With several hundred implementations of IoT-enabled solutions in the past 12 months alone, this session will focus on experience over the art of the possible. Many can only imagine the most advanced telematics platform ever deployed, supporting millions of customers, producing tens of thousands events or GBs per trip, and hundreds of TBs per month. With the ability to support a billion sensor events per second, over 30PB of warm data for analytics, and hundreds of PBs for an data analytics archive, in his session at @ThingsExpo, Jim Kaskade, Vice President and General Manager, Big Data & Ana...
In the consumer IoT, everything is new, and the IT world of bits and bytes holds sway. But industrial and commercial realms encompass operational technology (OT) that has been around for 25 or 50 years. This grittier, pre-IP, more hands-on world has much to gain from Industrial IoT (IIoT) applications and principles. But adding sensors and wireless connectivity won’t work in environments that demand unwavering reliability and performance. In his session at @ThingsExpo, Ron Sege, CEO of Echelon, will discuss how as enterprise IT embraces other IoT-related technology trends, enterprises with i...
When it comes to the Internet of Things, hooking up will get you only so far. If you want customers to commit, you need to go beyond simply connecting products. You need to use the devices themselves to transform how you engage with every customer and how you manage the entire product lifecycle. In his session at @ThingsExpo, Sean Lorenz, Technical Product Manager for Xively at LogMeIn, will show how “product relationship management” can help you leverage your connected devices and the data they generate about customer usage and product performance to deliver extremely compelling and reliabl...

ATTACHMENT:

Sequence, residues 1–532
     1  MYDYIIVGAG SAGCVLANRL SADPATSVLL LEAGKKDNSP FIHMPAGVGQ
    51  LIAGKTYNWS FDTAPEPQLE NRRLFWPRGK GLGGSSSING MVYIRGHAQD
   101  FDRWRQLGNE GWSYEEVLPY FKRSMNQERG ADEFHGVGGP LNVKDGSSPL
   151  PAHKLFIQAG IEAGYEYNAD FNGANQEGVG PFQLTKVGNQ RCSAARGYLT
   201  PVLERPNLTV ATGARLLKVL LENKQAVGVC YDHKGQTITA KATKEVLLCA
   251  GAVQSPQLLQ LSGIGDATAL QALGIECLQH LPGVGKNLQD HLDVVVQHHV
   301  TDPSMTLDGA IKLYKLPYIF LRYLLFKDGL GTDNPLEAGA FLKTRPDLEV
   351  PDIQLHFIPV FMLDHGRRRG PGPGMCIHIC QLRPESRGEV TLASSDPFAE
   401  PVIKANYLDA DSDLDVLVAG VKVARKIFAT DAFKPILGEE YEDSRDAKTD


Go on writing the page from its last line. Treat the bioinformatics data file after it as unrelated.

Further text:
The Internet of Things (IoT) is causing data centers to become radically decentralized and atomized within a new paradigm known as “fog computing.” To support IoT applications, such as connected cars and smart grids, data centers' core functions will be decentralized out to the network's edges and endpoints (aka “fogs”). As this trend takes hold, Big Data analytics platforms will focus on high-volume log analysis (aka “logs”) and rely heavily on cognitive-computing algorithms (aka “cogs”) to make sense of it all.
One of the biggest impacts of the Internet of Things is and will continue to be on data; specifically data volume, management and usage. Companies are scrambling to adapt to this new and unpredictable data reality with legacy infrastructure that cannot handle the speed and volume of data. In his session at @ThingsExpo, Don DeLoach, CEO and president of Infobright, will discuss how companies need to rethink their data infrastructure to participate in the IoT, including: Data storage: Understanding the kinds of data: structured, unstructured, big/small? Analytics: What kinds and how responsiv...
Since 2008 and for the first time in history, more than half of humans live in urban areas, urging cities to become “smart.” Today, cities can leverage the wide availability of smartphones combined with new technologies such as Beacons or NFC to connect their urban furniture and environment to create citizen-first services that improve transportation, way-finding and information delivery. In her session at @ThingsExpo, Laetitia Gazel-Anthoine, CEO of Connecthings, will focus on successful use cases.